The Americans for Prosperity Foundation has driven its Ending Earmarks Express recreational vehicle more than 10,000 miles since April, crusading against wasteful federal spending on pork-barrel earmarks, those questionable local pet projects that benefit well-connected insiders.
By the end of September, the group had visited the sites of 50 pork-barrel earmarks in 37 states in every part of the country, from Alaska’s infamous “Bridge to Nowhere” to the possible future home of the world’s largest Teapot Museum, in Sparta, North Carolina.
“Some of the projects we’ve visited may have some value to a local community, but with an $8 trillion national debt, we need to start having a debate about whether the federal government can and should fund them,” said Tim Phillips, president of Americans for Prosperity (AFP) Foundation.
“The key to ending pork-barrel politics is to have local grassroots taxpayers tell their elected officials to stop wasting their money on these questionable pet projects, and that’s what we’re accomplishing with the Ending Earmarks Express,” Phillips explained.
The Ending Earmarks Express team hasn’t always been warmly received when they have rolled into towns to question federal funding for local projects.
The group’s “Bridge to Nowhere” news conference in Ketchikan, Alaska was crashed by the town’s pro-bridge mayor and chamber of commerce representatives.
By contrast, when the group arrived in Flagstaff, Arizona after driving across the desert from Albuquerque on a 105-degree day in July, they were kindly greeted with cold sodas by the staff at the Mountain Line bus headquarters, site of $7.4 million in pork-barrel earmarks.
Along the way, the AFP Foundation has staged taxpayer rallies and news conferences to help build and organize grassroots support for earmark-reform efforts on Capitol Hill.
Most of the pork-barrel earmarks the group has spotlighted were secretly inserted into appropriations bills late in the process, with little or no public debate, behind the closed doors of a conference committee. Others were stuck into bills anonymously by members of Congress who apparently didn’t want their names attached to such questionable projects.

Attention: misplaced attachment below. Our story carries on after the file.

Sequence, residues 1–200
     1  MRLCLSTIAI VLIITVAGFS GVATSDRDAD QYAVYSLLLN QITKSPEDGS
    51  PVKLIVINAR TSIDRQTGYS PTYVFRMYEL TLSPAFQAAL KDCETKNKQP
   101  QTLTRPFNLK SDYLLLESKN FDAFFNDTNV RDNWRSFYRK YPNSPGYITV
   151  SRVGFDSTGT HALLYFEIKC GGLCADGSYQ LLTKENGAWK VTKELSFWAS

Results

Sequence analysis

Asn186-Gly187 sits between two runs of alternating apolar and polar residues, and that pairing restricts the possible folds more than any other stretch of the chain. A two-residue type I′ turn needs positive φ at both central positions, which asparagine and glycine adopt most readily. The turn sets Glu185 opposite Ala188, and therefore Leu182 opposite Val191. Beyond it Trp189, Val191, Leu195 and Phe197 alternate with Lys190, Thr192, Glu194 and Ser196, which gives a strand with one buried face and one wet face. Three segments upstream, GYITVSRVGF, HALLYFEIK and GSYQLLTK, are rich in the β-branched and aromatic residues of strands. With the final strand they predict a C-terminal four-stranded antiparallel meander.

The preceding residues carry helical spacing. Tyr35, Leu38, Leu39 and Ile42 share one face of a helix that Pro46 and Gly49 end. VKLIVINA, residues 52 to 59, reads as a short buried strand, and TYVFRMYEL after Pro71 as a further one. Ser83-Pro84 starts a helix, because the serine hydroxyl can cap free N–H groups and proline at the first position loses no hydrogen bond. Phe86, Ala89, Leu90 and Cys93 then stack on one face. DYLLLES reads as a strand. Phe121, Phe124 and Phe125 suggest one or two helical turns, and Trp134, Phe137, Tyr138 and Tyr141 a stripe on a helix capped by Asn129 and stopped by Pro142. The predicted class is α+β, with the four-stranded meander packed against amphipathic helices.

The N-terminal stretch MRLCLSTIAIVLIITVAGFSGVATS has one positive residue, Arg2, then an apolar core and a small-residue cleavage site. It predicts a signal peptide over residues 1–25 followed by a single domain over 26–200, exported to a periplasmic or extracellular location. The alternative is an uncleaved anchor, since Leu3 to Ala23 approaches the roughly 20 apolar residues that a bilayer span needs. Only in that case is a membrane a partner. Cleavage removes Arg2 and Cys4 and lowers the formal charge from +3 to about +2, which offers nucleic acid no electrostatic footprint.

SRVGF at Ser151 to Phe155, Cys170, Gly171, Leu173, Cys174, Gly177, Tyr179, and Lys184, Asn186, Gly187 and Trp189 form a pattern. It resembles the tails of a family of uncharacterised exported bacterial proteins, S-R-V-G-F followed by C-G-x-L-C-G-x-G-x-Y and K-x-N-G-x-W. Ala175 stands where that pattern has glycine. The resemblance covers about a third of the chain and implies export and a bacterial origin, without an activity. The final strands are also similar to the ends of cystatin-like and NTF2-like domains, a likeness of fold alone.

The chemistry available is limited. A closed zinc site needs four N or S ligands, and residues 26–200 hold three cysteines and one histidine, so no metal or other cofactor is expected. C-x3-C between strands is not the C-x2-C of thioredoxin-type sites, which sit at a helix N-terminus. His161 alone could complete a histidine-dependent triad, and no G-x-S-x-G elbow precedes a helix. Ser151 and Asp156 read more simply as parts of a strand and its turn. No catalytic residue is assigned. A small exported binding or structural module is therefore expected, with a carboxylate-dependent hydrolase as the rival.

Waiting for Congress
While the Express has been greeted cordially at most stops, it’s not clear what kind of reception the group’s call for real and comprehensive earmark reform will receive on Capitol Hill.
The U.S. House of Representatives on September 14 approved a package of changes to its internal rules that would make it harder to add earmarks anonymously behind the closed doors of a conference committee. The changes would force members of Congress to attach their names to many earmarks.
However, the rules changes included several loopholes, and at press time the Senate had not moved to change its own internal rules regarding earmarks.
In addition, if partisan control of the House or Senate changes after November’s elections, it’s likely the new earmark rules could fall by the wayside.
“While there is certainly more that needs to be done, these reforms would provide taxpayers, bloggers, and grassroots organizations with more transparency so they can work together to fight waste, fraud, and abuse,” Phillips said. “In the past year, activists have been able to block pork-barrel earmarks for ‘Bridges to Nowhere’ in Alaska, a ‘Railroad to Nowhere’ in Mississippi, and other boondoggles. With these reforms, they’re going to be able to fight even more wasteful projects like these in the future.”
Ed Frank ([email protected]) is the Americans for Prosperity Foundation’s vice president for public affairs.